Dr. Meyer said he has been involved in researching tinnitus-targeted drug therapy since 2003, when he first launched Auris Medical. During that time, he noted, he has learned that selectivity is one of the keys to successful drug development. In the case of tinnitus, “you not only have to target the right type or etiology, where you fully understand the biology; you also have to be very specific regarding the type of patient you’re treating. For us, our clinical data suggest that patients in the early stages of the disorder—up to three months out, possibly more—will respond best to our approach.”
Explore This IssueJune 2015
Dr. Meyer said he is optimistic that a phase 3 trial of acute tinnitus launched in the United States in February 2014, known as TACTT2, will replicate the positive findings of previous trials.
Another Mechanism, Another Hearing Disorder
Auris Medical also has several clinical trials in the works in the United States and Europe that focus on sudden and surgery-induced hearing loss. The drug being evaluated, AM-111, is a stress kinase inhibitor peptide known as D-JNKI-1 that is formulated in a biocompatible and biodegradable gel. By acting on that kinase, AM-111 prevents apoptosis in hair cells and also attenuates the damaging effects of cellular inflammation following acute inner ear injury (Hear Res. 2007;226:168-177).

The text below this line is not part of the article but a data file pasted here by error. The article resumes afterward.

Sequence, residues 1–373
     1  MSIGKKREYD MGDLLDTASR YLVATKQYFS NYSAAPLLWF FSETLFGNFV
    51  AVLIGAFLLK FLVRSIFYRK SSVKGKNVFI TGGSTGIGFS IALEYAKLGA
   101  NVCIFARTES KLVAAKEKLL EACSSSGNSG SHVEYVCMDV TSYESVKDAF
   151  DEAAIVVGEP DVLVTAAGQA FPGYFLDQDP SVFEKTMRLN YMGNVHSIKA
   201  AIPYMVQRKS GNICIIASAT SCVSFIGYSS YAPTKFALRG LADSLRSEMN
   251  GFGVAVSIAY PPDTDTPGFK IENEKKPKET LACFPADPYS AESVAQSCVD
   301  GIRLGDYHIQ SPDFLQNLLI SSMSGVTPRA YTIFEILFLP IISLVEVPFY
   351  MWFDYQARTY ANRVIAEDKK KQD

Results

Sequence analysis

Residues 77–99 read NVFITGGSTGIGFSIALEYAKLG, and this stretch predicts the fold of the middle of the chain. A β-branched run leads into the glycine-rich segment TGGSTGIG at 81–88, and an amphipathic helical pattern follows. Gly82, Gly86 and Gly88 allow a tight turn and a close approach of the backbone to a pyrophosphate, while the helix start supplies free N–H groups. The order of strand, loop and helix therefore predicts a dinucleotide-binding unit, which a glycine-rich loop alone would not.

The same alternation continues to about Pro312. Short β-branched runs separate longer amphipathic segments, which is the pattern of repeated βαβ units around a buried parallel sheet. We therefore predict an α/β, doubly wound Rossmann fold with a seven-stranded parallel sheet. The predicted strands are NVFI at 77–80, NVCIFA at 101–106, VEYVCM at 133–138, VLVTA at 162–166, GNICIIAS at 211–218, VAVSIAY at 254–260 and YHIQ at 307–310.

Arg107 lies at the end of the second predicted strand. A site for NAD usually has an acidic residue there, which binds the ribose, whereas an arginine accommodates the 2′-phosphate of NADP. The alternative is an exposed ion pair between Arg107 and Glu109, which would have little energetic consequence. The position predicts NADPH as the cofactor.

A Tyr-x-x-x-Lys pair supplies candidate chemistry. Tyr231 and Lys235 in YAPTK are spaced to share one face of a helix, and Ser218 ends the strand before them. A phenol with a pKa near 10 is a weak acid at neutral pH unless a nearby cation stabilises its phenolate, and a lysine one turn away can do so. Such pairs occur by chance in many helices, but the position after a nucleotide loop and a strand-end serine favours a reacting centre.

In a phase 2 clinical trial of AM-111, patients with severe to profound sensorineural hearing loss (PTA thresholds > 60dB) who were treated with 0.4 mg/mL of the drug showed an absolute improvement in hearing loss to day seven of the study (29.9 dB vs. 17.9 dB for place-treated patients; P=0.017) (Otol Neurotol. 2014;35:1317-1326). The drug was well tolerated, with no negative impact on hearing, balance, or tinnitus.
Dr. Meyer said he is excited by the prospect of seeing the first drugs specifically developed for inner ear therapy moving towards broad clinical use. “If all goes well, there will be FDA drugs approved for intratympanic treatments in a few years from now,” he said. “That could have quite an impact on the field of otology.”
Hinrich Staecker, MD, PhD, a professor of otolaryngology and head and neck surgery at the University of Kansas Medical Center in Kansas City, has participated in all three clinical trials involving AM-101. Although “we’re not long enough out” on the phase 3 study, “based on what we’ve seen with prior patients, the prospects for this drug therapy are very promising,” he said.